[Here’s the scoop on the Grammys as of 10:15 p.m. Will return with a final version at the end of the show.]
LOS ANGELES – Rap took center stage at the 58th annual Grammy Awards, thanks to the armload of trophies collected by California rapper Kendrick Lamar.
Lamar, who led the nominations with 11, claimed five trophies midway through the show, including best rap album for his landmark “To Pimp a Butterfly”
“This is for hip-hop, this is for Snoop Dogg, ‘Illmatic,’ this is for Nas. We will live forever,” Lamar said.
The lyrical wizard also turned in a riveting performance of the startlingly candid “The Blacker the Berry” and “Alright” that earned an ovation from the crowd (and the press room).
During the 3 ½-hour “Premiere Ceremony” at the neighboring Microsoft Theater at L.A. Live when 75 of the 83 categories were presented, Lamar picked up wins for best rap performance and best rap song (“Alright”), best rap/sung collaboration (“These Walls”) and factored in Taylor Swift’s win for her star-packed “Bad Blood” video.
Swift, who was already a double victor for the video and best pop vocal album for her titanic “1989,” opened the Grammy telecast on the Staples Center stage wearing a sequined body suit and stalking the stage for a fierce rendition of “Out of the Woods.”
Other live performances included dual winner The Weeknd, his famous coif hanging over his forehead like a claw as he performed “Can’t Feel My Face” and “In the Night”; two-time winners Little Big Town with a string-laden “Girl Crush”; Adele with a stark, emotional take on “All I Ask”; and a spectacular contribution from the “Hamilton” cast, beamed in live from Broadway.
This year’s ceremony also included an unusual number of tributes, both joyful – a medley for MuisCares Person of the Year Lionel Richie featuring Demi Lovato, Luke Bryan and John Legend – and reflective, as Eagles co-founder Glenn Frey was remembered by his former bandmates and Jackson Browne.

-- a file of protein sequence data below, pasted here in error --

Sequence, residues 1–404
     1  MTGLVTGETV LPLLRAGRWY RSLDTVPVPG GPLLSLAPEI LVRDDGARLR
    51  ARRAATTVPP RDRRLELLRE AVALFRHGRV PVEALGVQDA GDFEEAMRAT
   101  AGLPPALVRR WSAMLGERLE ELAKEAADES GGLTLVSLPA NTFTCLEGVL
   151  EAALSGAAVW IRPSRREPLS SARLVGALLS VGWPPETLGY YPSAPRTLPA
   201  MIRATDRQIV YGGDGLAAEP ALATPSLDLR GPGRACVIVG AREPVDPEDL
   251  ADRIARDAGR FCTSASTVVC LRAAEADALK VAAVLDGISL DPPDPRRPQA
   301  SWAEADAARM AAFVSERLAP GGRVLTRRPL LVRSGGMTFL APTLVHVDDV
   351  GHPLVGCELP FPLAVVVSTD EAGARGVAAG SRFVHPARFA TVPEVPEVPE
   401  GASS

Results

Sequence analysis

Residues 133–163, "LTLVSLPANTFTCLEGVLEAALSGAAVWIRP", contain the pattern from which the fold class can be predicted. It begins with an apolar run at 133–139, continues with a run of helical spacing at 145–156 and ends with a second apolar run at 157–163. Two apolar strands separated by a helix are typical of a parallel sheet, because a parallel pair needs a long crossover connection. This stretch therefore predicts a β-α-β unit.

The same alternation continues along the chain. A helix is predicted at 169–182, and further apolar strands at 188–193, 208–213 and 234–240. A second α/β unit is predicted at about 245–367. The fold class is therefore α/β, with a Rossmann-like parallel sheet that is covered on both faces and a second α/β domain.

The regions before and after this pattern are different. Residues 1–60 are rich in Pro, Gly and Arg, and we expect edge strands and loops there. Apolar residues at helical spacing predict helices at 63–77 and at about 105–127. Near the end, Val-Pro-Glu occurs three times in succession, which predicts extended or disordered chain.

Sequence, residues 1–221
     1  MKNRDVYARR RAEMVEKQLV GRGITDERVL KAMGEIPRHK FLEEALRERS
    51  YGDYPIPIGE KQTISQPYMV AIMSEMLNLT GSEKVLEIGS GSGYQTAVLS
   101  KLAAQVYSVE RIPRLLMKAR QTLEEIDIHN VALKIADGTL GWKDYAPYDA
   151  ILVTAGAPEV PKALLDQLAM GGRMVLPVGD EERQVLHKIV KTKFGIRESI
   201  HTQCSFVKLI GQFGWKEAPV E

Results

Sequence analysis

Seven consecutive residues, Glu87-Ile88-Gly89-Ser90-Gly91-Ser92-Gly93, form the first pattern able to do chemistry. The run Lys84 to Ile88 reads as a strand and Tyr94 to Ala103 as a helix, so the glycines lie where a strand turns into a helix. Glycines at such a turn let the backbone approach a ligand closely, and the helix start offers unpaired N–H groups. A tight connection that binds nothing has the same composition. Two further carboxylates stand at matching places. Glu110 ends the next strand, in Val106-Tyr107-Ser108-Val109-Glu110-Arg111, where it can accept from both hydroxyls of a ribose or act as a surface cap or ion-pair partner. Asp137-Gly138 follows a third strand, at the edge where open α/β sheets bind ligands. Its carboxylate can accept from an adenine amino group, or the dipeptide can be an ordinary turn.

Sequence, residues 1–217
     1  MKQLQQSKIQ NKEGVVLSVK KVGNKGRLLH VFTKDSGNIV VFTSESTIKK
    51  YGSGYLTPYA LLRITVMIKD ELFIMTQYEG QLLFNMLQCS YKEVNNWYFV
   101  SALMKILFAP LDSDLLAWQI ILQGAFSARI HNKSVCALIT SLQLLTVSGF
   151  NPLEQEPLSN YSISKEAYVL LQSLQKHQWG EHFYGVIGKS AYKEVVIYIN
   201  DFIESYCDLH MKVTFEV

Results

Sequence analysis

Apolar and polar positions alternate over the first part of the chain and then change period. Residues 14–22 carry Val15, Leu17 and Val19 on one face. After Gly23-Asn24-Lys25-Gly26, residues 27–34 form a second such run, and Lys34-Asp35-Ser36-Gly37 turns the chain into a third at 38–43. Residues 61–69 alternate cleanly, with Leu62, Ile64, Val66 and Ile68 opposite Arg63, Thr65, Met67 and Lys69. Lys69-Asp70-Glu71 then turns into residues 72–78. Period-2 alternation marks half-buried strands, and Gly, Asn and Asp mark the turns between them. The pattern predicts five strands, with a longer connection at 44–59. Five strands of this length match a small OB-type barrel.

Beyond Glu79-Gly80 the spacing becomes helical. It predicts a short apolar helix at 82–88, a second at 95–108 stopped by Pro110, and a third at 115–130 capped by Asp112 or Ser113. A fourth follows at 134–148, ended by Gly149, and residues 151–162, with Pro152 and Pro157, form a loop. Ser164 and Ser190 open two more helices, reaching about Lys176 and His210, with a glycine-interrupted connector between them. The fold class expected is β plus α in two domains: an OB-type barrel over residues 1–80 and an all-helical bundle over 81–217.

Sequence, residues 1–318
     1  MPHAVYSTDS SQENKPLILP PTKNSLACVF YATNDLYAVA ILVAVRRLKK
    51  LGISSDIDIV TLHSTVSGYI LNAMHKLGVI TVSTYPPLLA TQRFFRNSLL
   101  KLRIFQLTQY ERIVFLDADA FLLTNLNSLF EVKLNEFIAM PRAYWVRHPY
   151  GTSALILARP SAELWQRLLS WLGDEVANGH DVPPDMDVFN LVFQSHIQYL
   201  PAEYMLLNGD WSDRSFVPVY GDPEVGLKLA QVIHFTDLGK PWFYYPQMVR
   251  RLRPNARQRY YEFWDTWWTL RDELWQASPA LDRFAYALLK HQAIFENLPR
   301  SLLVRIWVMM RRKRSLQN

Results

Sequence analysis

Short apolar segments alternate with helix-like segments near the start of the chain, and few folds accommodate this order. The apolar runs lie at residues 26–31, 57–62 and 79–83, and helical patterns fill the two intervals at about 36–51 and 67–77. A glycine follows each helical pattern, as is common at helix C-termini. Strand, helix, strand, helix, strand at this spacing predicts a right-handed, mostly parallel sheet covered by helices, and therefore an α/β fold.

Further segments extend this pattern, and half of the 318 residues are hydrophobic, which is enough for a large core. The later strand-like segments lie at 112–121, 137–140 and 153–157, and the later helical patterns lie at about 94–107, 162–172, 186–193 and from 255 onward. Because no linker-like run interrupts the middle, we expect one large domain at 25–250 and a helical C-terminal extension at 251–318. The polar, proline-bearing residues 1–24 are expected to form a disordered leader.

Chris Stapleton’s extraordinary year continued with his first Grammy wins for best country album (“Traveller”) and best country solo performance for the title track.
“This is something that you never, ever dream of. I’m super grateful for it, the shaggy Stapleton said from the stage.
It was also a night of firsts for Ed Sheeran, Justin Bieber and Alabama Shakes, who learned of their inaugural wins at the pre-show.
Sheeran, wearing a tuxedo and sneakers, joked that, “I’ve come here the last four years and never won and always had to explain to my family…why?”
Sheeran won in the marquee song of the year category, as well as best pop solo performance for his tender ballad, “Thinking Out Loud.”
Bieber’s win came for his collaboration with Diplo and Skrillex (“Where Are U Now” for best dance recording) and Alabama Shakes’ for best rock song, best rock performance (“Don’t Wanna Fight”) and best alternative album (“Sound & Color”).
A visibly surprised Brittany Howard said of the band’s wins, “My heart is beating a mile a minute. This is beautiful and I promise we will keep going. “
On the other end of the victory spectrum, Tony Bennett, 89, collected his 18th career Grammy for best traditional pop vocal album for “The Silver Lining: The Songs of Jerome Kern,” on which he worked with jazz pianist Bill Charlap.
“It’s so wonderful to me,” Bennett said with a huge smile. “I love you all.”
Also during the pre-show, Atlanta’s Susan Archie claimed her third career Grammy in the category of best boxed or special limited edition package, for “The Rise & Fall of Paramount Records, Volume Two (1928-32),” on which she worked with Jack White and Dean Blackwood. The trio won last year for “Volume One.”
Backstage, Archie, clad in a shimmery, sleeveless purple gown and clutching a champagne glass, said that this sequel was “a much harder feat to get made,” primarily because of release schedules.
As for where she’s going to put this third Grammy in her Candler Park home, Archie laughed and said, “I’m going to have to build a shelf!”
Georgia also earned a score when former President Jimmy Carter won for “A Full Life: Reflections at Ninety,” in the best spoken word category. Carter previously earned an award in the same category in 2007 for “Our Endangered Values.”
This year’s Grammys were based on material released between Oct. 1, 2014 and Sept. 30, 2015 and voted on by members of the Recording Academy.